With the holiday season about to begin, the University of Colorado Denver | Anschutz Medical Campus once again is asking faculty, staff, students and alumni to volunteer for local organizations as part of the CU in the Community campaign.
This is the sixth annual CU in the Community program, which gives staff the opportunity to volunteer a half-day of work time. Departments are encouraged to volunteer as a group so they can work together outside the normal workplace setting while contributing to the university’s mission of improving the health and well-being of people in Colorado.
The 2016-17 campaign began on Nov. 11, which is Veteran’s Day. The starting date reflects CU Denver and CU Anschutz Medical Campus’ focus on supporting area veterans this year.
Members of CU Anschutz’s leadership staff, including Chancellor Donald Elliman, started the campaign by visiting the U.S. Department of Veterans Affairs Hospital in Denver.
Supporting those who served
On that afternoon, CU Anschutz staff welcomed vets in the various outpatient clinic waiting rooms by passing out coffee and tea and talking to the patients about their experiences. They also dropped into patients’ rooms to chat and kept them company as they received treatment in the infusion clinic.
“Volunteering with the VA Hospital was particularly meaningful. Our veterans have sacrificed for us – it feels good to give them more than a heartfelt ‘thank you.’” — Chancellor Donald Elliman
That’s where Elliman, Graduate School Dean David Engelke, PhD, and College of Nursing Dean Sarah Thompson, PhD, RN, FAAN, spent much of their visit. The infusion clinic is where vets go to receive chemotherapy or intravenous treatment for conditions such as multiple sclerosis and rheumatoid arthritis.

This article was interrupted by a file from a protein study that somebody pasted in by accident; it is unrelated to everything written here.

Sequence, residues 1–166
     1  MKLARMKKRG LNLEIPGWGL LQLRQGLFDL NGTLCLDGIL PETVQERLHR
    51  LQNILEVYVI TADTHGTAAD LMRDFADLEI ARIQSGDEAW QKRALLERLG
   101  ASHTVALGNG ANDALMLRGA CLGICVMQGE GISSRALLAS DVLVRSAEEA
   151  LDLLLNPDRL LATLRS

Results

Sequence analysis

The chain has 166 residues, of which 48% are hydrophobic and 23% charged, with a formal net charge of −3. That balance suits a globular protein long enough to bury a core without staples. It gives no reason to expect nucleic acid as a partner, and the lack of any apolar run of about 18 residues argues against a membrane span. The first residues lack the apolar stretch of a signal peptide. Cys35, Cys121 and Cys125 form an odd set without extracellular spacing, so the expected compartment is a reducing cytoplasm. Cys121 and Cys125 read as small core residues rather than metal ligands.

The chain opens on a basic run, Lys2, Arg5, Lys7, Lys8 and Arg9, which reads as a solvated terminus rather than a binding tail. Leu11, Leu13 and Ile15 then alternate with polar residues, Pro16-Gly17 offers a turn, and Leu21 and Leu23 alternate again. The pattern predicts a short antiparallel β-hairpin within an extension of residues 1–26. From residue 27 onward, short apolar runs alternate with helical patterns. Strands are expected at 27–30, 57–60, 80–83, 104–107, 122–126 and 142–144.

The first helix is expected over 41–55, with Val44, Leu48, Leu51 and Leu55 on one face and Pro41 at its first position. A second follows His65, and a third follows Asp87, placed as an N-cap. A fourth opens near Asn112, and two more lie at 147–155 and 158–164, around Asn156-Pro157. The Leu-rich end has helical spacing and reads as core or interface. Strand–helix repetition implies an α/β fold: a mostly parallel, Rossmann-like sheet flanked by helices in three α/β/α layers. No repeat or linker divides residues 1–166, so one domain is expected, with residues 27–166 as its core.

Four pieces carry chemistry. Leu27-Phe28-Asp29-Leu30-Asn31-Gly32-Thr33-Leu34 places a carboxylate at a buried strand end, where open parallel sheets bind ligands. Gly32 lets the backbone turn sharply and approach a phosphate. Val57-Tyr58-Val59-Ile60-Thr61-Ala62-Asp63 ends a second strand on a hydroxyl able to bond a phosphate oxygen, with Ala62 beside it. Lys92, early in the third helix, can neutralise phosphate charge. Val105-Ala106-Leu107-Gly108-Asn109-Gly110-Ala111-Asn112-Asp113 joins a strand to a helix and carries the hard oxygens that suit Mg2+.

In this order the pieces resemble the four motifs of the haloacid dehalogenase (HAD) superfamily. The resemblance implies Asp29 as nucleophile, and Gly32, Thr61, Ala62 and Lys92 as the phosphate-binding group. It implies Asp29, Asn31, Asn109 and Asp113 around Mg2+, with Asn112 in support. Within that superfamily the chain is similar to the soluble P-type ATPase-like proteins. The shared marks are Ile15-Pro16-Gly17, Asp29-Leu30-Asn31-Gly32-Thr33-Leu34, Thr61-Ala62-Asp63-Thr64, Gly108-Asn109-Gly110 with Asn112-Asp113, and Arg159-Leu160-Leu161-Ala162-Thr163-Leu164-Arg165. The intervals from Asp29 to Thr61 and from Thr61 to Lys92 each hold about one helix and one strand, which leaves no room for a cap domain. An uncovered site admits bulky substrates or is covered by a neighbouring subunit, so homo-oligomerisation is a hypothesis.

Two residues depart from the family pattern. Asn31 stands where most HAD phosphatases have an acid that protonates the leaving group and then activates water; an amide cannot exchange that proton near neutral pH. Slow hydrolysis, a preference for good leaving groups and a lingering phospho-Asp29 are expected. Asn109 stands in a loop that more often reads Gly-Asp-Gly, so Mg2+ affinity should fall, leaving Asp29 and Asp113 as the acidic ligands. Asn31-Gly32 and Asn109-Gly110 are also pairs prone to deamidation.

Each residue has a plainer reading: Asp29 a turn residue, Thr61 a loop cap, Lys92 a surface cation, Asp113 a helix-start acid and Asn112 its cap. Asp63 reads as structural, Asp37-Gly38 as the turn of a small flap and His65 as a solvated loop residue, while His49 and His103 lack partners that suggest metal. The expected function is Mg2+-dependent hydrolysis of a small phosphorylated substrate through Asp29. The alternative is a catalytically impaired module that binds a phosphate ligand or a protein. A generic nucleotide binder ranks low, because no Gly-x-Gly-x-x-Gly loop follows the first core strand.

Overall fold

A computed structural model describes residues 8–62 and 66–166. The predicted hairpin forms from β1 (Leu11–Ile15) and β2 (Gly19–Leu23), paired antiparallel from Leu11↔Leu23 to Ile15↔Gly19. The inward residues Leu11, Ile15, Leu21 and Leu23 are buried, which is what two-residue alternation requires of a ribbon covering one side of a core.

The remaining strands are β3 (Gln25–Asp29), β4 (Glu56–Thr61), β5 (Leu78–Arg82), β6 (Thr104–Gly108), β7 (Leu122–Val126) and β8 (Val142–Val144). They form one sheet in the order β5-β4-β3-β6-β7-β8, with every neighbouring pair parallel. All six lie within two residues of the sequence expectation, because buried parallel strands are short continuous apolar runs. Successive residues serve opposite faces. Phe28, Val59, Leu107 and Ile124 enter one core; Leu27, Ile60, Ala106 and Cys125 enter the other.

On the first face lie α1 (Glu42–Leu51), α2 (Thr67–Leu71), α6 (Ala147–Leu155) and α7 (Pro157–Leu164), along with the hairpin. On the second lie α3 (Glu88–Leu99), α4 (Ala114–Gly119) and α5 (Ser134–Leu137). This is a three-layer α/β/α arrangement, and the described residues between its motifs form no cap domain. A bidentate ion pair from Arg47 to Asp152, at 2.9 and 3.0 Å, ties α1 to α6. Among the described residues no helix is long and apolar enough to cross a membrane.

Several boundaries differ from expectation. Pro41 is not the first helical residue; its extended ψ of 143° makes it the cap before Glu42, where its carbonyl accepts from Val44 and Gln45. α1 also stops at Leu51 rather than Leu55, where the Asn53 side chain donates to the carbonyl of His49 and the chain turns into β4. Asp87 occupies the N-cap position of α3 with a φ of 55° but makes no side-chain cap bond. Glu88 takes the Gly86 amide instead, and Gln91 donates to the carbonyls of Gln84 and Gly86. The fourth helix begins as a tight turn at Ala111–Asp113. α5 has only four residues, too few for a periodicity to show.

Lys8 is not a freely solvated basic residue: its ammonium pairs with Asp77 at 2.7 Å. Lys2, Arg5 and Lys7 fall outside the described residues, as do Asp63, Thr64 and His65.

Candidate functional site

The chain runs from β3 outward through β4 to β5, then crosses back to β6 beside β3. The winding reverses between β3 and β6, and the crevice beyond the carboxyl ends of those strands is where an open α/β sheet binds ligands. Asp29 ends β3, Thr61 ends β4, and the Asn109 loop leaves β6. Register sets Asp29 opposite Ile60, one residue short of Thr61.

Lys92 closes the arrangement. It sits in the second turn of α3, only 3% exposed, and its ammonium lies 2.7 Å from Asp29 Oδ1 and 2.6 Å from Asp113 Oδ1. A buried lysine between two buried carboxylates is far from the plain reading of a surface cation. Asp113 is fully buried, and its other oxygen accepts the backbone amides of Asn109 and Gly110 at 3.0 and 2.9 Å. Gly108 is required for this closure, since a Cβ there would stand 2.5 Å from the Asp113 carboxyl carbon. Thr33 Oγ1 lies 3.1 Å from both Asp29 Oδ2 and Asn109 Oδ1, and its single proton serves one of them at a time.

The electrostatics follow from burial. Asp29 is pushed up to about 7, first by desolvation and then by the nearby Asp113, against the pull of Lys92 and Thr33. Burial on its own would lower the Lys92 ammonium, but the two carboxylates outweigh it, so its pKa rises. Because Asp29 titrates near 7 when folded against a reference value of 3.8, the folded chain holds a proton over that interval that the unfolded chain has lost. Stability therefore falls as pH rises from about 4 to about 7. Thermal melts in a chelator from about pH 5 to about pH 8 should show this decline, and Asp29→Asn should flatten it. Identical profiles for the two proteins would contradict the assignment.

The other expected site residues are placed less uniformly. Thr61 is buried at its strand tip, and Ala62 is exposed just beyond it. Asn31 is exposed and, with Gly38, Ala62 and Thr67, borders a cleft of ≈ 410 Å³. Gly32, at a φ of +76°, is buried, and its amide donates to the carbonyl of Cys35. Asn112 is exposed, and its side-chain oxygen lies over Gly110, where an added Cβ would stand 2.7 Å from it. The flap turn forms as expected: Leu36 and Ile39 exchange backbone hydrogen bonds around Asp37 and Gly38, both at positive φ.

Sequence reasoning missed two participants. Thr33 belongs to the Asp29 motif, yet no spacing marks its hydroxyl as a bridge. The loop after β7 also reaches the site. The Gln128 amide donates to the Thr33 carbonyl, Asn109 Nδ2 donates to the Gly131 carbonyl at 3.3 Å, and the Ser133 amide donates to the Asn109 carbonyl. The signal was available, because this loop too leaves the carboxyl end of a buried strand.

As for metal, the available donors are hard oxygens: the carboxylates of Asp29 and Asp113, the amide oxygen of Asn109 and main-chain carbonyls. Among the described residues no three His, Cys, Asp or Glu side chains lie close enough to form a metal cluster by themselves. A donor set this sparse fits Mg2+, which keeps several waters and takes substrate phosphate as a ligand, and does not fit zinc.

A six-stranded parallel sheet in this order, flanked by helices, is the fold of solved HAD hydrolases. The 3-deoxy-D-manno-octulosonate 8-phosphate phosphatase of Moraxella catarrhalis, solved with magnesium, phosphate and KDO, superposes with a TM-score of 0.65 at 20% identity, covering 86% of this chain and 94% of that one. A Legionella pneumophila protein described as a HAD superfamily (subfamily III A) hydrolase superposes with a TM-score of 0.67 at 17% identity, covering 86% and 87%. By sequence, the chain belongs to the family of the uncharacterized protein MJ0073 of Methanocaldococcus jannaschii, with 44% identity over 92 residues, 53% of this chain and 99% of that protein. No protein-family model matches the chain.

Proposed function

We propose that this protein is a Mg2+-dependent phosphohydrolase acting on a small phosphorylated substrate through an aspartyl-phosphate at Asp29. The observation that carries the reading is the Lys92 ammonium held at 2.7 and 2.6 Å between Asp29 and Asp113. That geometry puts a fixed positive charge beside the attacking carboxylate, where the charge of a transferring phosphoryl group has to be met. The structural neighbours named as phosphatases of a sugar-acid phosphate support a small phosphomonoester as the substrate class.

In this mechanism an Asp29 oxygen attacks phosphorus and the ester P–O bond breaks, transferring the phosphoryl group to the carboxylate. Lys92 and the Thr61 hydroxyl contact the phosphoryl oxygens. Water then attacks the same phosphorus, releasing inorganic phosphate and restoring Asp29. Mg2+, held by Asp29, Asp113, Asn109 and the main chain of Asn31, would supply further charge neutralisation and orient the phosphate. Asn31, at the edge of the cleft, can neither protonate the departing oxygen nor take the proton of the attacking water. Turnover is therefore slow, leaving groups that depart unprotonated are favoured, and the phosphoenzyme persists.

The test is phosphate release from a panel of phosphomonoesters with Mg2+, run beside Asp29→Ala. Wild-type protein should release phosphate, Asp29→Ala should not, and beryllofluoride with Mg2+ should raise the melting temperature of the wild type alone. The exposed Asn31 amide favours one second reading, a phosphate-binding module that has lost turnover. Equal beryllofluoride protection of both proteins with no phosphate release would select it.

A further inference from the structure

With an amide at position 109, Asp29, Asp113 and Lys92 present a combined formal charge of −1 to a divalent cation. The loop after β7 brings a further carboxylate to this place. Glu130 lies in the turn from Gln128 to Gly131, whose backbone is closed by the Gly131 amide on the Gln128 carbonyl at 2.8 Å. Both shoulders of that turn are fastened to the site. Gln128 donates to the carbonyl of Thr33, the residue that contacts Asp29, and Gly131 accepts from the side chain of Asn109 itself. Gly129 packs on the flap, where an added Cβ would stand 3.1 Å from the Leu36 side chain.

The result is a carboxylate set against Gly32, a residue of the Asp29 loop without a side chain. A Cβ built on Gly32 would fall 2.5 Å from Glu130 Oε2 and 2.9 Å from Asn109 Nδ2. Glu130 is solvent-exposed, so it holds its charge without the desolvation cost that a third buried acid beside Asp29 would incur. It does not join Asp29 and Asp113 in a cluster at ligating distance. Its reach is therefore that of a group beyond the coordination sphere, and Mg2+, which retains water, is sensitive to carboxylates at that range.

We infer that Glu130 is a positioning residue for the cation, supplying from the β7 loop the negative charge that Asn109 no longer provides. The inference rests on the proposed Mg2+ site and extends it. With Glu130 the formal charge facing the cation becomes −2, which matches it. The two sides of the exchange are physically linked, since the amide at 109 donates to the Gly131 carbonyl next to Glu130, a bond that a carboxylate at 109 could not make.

Depending on the treatment, a patient could be in that clinic for five minutes or for a few hours. The infusion rooms have recliners and televisions for each patient, but sometimes the best way to pass the time is by chatting. Elliman, Engelke and Thompson spoke to about 10 vets of varying ages and service backgrounds as they received treatment.
The vets welcomed the chance to talk, and CU Anschutz’s volunteers were grateful for the opportunity to offer support.
“Volunteering with the VA Hospital was particularly meaningful. Our veterans have sacrificed for us – it feels good to give them more than a heartfelt ‘thank you,’” Elliman said afterward.
The help will be appreciated, VA volunteer specialist Jack Fletcher said as he walked the CU Anschutz visitors through the hospital. The VA relies on volunteers to help make patients feel welcome and comfortable, and it has a list of more than a dozen jobs around the hospital volunteers can staff, plus more roles in which volunteers can help veterans out outside of the hospital.
Contributing to the community
While employees are free to choose the organizations and causes they support, this holiday season the university has formed partnerships with organizations in Denver and Aurora. In addition to the VA, the Volunteers of America is a partner. CU Denver Chancellor Dorothy Horrell is scheduled to volunteer at the VOA’s Veterans Resource Center in January.
The CU in the Community web page has a list of other featured partners, stories from volunteers, details about the program and sign-up forms. The program runs through Feb. 20, which is Presidents’ Day.
While CU in the Community’s focus is on serving others, members of CU’s community also reap benefits.
“Taking the time to volunteer together with colleagues is rewarding on many levels. It’s good to interact outside of the workplace. And it’s satisfying to contribute to a cause you believe in,” Elliman said.
Joining Elliman, Engelke and Thompson were Mariana Ledezma, an associate director for the CU Anschutz Community-Campus Partnership; Neil Krauss, director of initiatives and outreach in the CU Anschutz chancellor’s office; and Linda Gallegos, the chancellor’s executive assistant.